Legarda pushes wider focus on mental health amid 57% hike in suicide countOctober 12, 2021
AS suicide cases rise by 57 percent in the Philippines, a House deputy speaker on Monday called for aggressive government measures to address mental health issues confronting some Filipinos amid the Covid-19 pandemic.
Alarmed by an unprecedented rise in the country’s suicide rate, House Deputy Speaker Loren Legarda sought stronger implementation of Republic Act (RA) 11036 or the Mental Health Care Act (MHCA).
Legarda, one of the authors of RA 11036, cited the need to strengthen MHCA, which seeks to provide affordable and accessible mental health services for Filipinos suffering from mental disabilities and prevent cases of self-induced harm.
October 10 has been declared as this year’s World Mental Health Day, with the theme, “Mental Health in an Unequal World.”
Citing latest Philippine Statistics Authority (PSA) data, Legarda reported a whopping 57 percent climb in the country’s suicide rate in 2020 compared to the previous year.
The PSA reported that a total of 4,420 people died in the country due to self-inflicted harm last year, compared to 2,810 deaths in 2019. Suicide also jumped on the list of top causes of deaths in the Philippines, from 31st place in 2019 to 25th place last year.
“The pandemic has highlighted the need to also take care of our mental health to help us survive and thrive despite the current challenges. This is one of the many laws that I passed when I was senator and these are relevant and helpful in coping with changes caused by the current health crisis. RA 11036 has ushered in a new chapter in mental health-care policy and service delivery in the Philippines and we should ensure its strict and effective implementation on the integration of mental heath in all health services and policy initiatives,” the Antique lawmaker said.
“Mental health is one aspect in the society that is not given utmost attention. With various societal issues that we are facing, we sometimes neglect to prioritize the mental health of every citizen of this nation without us knowing its effects on people’s day-to-day performance on education, employment, physical health and even relationships,” she added.
According to Legarda, the National Center for Mental Health also saw a huge spike in the number of calls to its hotlines since lockdowns were enforced in much of the country at the beginning of the pandemic in March.
From just 400 calls monthly, NCMH reported it received an average of over 700 calls per month from March to August 2020.
Legarda lamented how MCHA has not been fully utilized in addressing mental health problems of Filipinos.
“Adding to the woes of those who are suffering from mental health illnesses is the shortage of qualified mental health professionals as well as the stigma being associated with it. This mental health intervention would usher in a new chapter in mental health-care policy and service delivery in the Philippines as it would integrate mental health in all health services and policy initiatives,” she said.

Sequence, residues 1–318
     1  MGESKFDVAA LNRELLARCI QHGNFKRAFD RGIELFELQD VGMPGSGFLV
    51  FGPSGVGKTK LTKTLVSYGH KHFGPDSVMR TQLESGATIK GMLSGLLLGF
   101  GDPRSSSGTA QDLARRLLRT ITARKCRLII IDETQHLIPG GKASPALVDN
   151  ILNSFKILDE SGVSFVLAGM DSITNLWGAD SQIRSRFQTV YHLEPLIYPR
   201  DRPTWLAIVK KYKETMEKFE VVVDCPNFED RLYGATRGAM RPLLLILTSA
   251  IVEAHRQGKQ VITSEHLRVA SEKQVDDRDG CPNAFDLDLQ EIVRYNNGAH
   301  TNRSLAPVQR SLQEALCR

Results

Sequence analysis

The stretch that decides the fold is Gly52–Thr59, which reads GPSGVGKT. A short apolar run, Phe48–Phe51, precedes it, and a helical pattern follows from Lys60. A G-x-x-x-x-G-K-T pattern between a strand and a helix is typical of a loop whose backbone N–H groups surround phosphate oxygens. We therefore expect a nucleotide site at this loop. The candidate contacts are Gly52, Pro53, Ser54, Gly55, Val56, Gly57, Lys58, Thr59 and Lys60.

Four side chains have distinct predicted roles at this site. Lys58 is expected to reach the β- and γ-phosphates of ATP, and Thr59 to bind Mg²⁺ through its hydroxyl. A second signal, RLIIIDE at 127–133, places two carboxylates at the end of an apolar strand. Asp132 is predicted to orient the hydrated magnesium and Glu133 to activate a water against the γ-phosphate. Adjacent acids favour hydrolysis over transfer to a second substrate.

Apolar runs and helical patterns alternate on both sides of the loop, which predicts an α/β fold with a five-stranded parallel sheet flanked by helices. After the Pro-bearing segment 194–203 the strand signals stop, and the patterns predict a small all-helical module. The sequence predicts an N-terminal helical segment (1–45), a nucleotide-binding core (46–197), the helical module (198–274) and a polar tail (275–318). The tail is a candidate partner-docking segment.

Under the said law, the Philippine Council for Mental Health shall be established as an attached agency under the Department of Health (DOH) to provide a coherent, rational and unified response to mental health problems, concerns and efforts through the formulation and implementation of the National Mental Health Care Delivery System.
The system shall constitute a quality mental health-care program through the development of efficient and effective structures, systems and mechanisms that will ensure equitable, accessible, affordable, appropriate, efficient and effective delivery of mental health care to all its stakeholders by qualified, competent, compassionate and ethical mental health professionals and mental health workers.
In 2012, the World Health Organization (WHO) reported 2,558 cases of Filipinos committing suicide, averaging to 7 cases per day. Meanwhile, DOH reported that one in five Filipino adult suffers from mental illness, such as schizophrenia, depression, and anxiety.
Meanwhile, Legarda, citing a recent study by Nicholle Maravilla and Myles Tan on RA 11036, said “even after the country has recently passed its first Mental Health Act and Universal Health Care Law, only 5 percent of the health-care expenditure is directed toward mental health.
“Also, there are only 7.76 hospital beds and 0.41 psychiatrists per 100,000 people,” she said.
With this, Legarda said, mental health and wellness is an integral part of the Philippine health-care system, as she saw the growing number of mental disabilities that were left untreated due to lack of facilities, and the shortage of physicians who are trained to specialize in the treatment of these mental conditions.
The deputy speaker’s growing concern for these statistics led her to ensure the measure’s passage, as she saw the need for the government to promote mental health awareness, and ensure that no Filipino suffers from the dreaded impacts of mental disorder.
Source: Business Mirror
by Jovee Marie dela Cruz